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In the middle of the 1920's, Manwha Fool series in Chosun Ilbo was one of the most important parts of the visual image newly consumed in modern Korean culture, due to its publication of about 700 comic strips over for 3 years as a joint creation by cartoonists and journalists. It was both the first comic strip for adults and the first comic strip consisting of four panels in the newspaper. The capital city of Gyeongseong(京城) was located at the cross-section of modernity and colonialism during the Japanese Colonization of Korea. From the analysis of approximately 550 comic strips related to Gyeongseong, the majority of the modem daily life experienced by the 3 main characters was the street view. They used streetcars, automobiles, and rickshaws on the newly mended road to go the outskirts for picnics and to move quickly through the city. And western-style architectures also entered the screen view. The main aspect of the urban modern life was the consumption culture, i.e., eating out, photography, going to movies and shopping. Even in the discourse on modern housing in the 1920's, the characters lived in traditional Korean houses. Hitherto, the Fool series was criticized as a comic strip that was indifferent to the real colonial life. However, the present study revealed that Fool series presents political opinions over the series. During the Japanese colonization, the main characters, the unemployed and gisaeng(妓生) as the socially underprivileged had to survive the violently changing daily life. Therefore Fool seriesis valuable as a visual record in the history of daily life during the Colonization period.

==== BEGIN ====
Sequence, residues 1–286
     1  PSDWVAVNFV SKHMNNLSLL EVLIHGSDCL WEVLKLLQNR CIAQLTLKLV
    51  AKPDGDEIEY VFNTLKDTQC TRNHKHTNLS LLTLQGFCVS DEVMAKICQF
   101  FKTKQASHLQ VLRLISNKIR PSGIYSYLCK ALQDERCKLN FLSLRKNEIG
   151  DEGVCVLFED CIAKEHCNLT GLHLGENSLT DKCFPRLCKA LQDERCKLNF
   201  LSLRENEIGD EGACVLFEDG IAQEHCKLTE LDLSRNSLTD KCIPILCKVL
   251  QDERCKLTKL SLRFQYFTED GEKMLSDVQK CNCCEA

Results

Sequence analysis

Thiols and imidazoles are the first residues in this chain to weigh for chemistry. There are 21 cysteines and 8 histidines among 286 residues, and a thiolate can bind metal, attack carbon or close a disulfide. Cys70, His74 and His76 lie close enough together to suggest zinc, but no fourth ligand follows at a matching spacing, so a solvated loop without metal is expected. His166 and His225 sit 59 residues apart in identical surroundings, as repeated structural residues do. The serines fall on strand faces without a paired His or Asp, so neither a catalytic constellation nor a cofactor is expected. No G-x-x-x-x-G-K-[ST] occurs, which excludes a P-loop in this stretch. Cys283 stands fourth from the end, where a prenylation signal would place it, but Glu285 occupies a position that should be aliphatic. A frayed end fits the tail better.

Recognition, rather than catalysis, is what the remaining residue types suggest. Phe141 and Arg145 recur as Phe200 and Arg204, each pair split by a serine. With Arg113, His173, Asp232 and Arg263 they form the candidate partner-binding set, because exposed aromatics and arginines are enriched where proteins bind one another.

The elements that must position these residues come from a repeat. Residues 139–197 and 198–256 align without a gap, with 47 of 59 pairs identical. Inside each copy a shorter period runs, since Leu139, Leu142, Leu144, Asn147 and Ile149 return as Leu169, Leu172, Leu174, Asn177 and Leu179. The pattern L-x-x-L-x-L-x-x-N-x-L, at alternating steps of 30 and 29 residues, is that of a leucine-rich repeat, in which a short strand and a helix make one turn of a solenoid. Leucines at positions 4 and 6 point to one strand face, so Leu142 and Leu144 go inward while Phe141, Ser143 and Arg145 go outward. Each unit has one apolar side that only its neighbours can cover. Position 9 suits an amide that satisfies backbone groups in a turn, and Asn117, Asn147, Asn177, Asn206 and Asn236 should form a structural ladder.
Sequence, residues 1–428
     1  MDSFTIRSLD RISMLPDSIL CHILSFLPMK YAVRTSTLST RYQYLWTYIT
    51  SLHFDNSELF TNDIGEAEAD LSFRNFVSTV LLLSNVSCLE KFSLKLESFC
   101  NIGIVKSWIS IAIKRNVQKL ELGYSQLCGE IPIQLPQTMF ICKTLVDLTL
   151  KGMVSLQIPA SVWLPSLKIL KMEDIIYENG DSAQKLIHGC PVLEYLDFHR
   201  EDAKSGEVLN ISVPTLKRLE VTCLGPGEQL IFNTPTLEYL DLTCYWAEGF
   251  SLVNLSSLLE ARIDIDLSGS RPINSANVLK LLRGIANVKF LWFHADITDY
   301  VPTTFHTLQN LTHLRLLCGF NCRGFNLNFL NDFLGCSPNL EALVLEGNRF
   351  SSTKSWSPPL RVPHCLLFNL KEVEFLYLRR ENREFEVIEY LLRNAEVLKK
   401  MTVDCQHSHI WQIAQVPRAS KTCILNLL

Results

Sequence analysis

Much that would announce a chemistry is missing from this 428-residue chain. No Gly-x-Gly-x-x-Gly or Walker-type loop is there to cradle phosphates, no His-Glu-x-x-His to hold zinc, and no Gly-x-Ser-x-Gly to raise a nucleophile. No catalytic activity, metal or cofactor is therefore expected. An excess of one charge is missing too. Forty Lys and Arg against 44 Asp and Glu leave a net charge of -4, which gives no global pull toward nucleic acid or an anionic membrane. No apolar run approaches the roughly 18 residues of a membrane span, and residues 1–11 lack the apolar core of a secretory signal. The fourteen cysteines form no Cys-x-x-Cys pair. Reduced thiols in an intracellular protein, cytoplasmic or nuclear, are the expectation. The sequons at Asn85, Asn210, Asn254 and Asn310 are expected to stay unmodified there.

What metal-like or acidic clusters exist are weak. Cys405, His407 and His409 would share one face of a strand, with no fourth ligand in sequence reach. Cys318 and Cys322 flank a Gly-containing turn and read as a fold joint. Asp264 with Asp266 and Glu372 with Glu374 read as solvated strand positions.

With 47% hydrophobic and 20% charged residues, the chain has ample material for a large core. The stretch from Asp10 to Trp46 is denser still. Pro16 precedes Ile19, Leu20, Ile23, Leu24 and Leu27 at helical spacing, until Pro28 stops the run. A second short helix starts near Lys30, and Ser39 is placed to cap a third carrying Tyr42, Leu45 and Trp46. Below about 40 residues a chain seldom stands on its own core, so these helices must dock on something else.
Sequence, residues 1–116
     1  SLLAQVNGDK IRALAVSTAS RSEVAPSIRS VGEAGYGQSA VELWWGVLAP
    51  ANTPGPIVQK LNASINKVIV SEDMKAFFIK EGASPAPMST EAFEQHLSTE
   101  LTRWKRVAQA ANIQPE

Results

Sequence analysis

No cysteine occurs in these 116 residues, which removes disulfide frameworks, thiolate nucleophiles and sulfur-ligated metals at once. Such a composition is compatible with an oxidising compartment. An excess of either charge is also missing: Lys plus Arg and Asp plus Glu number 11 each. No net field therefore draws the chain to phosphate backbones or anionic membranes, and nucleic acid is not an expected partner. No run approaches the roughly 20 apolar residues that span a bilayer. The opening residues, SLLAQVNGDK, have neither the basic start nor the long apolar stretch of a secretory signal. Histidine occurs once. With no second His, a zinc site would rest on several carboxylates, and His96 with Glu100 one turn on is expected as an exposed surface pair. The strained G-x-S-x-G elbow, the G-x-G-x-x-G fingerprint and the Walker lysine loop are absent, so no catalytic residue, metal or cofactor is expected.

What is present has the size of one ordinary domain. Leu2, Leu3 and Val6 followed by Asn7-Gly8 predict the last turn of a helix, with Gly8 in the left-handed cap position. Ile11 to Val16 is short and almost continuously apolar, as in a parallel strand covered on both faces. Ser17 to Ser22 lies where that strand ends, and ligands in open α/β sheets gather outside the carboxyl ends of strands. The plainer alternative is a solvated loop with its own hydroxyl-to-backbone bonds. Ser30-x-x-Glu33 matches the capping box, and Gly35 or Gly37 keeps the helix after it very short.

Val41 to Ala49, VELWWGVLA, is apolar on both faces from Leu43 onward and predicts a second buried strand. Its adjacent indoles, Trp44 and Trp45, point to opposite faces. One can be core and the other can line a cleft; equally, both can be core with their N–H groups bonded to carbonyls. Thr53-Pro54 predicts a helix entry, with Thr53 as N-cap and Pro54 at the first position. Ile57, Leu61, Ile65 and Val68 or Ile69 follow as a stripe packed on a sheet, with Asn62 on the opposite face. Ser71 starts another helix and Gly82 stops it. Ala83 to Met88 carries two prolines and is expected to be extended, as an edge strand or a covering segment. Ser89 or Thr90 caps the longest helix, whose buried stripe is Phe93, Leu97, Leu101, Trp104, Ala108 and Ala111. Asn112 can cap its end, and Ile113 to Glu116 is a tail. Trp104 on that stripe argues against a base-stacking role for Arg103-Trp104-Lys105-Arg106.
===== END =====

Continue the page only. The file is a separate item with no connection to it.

This study examines the modernity of newspaper serial novel illustrations in the 1920s with the focus on human body expression. During the Japanese occupation period of the 1920s, the change in colonial policies had led to the launch of multiple newspapers as mass media. This quantitative and rapid increase in print arts had become a turning point. The formation of debates surrounding illustration, which had begun at the end of the 1920s, is actually interpreted as the formation of genre conception. However, the production environment was not optimal, and the production teams had commonly included approximately 15 writers excluding unknown illustrators. The illustrations in newspaper serial novel, which had expressed novel narratives with new illustrations on a daily basis, were easily enjoyed by the public compared to other types of art. Because there were very few opportunities to appreciate art in person during this period, Western art and modernity were spread to the public through these illustrations. While the perspectives and methods of Western art were first introduced and accepted through print arts in the past, the human body expressions in the newspaper serial novel illustrations of the 1920s had prominently revealed a sense of Western art and modernity. Anatomical-based human body depictions including nude, skeleton, heart pattern, and amputated body are body visualizations that broke away from traditional art and were newly recognized as modern art, and the mass-produced illustrations of the human body in the 1920s had made the public sense the modernity of the body.